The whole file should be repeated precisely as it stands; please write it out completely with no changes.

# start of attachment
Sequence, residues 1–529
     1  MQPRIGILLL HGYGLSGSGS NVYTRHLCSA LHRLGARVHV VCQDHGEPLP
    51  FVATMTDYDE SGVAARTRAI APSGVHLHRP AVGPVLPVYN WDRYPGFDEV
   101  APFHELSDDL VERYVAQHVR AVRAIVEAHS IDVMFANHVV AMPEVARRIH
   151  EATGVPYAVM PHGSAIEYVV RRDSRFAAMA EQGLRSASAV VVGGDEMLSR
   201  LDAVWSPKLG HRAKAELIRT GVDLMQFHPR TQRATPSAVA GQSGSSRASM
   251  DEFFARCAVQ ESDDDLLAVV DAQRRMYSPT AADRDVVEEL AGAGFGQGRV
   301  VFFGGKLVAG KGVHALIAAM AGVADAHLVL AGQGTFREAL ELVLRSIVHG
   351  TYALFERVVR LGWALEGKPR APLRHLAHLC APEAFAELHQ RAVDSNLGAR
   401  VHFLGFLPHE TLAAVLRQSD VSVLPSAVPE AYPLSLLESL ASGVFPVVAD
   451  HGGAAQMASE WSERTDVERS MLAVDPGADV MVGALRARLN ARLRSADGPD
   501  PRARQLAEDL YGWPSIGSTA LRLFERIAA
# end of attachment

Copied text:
Sequence, residues 1–529
     1  MQPRIGILLL HGYGLSGSGS NVYTRHLCSA LHRLGARVHV VCQDHGEPLP
    51  FVATMTDYDE SGVAARTRAI APSGVHLHRP AVGPVLPVYN WDRYPGFDEV
   101  APFHELSDDL VERYVAQHVR AVRAIVEAHS IDVMFANHVV AMPEVARRIH
   151  EATGVPYAVM PHGSAIEYVV RRDSRFAAMA EQGLRSASAV VVGGDEMLSR
   201  LDAVWSPKLG HRAKAELIRT GVDLMQFHPR TQRATPSAVA GQSGSSRASM
   251  DEFFARCAVQ ESDDDLLAVV DAQRRMYSPT AADRDVVEEL AGAGFGQGRV
   301  VFFGGKLVAG KGVHALIAAM AGVADAHLVL AGQGTFREAL ELVLRSIVHG
   351  TYALFERVVR LGWALEGKPR APLRHLAHLC APEAFAELHQ RAVDSNLGAR
   401  VHFLGFLPHE TLAAVLRQSD VSVLPSAVPE AYPLSLLESL ASGVFPVVAD
   451  HGGAAQMASE WSERTDVERS MLAVDPGADV MVGALRARLN ARLRSADGPD
   501  PRARQLAEDL YGWPSIGSTA LRLFERIAA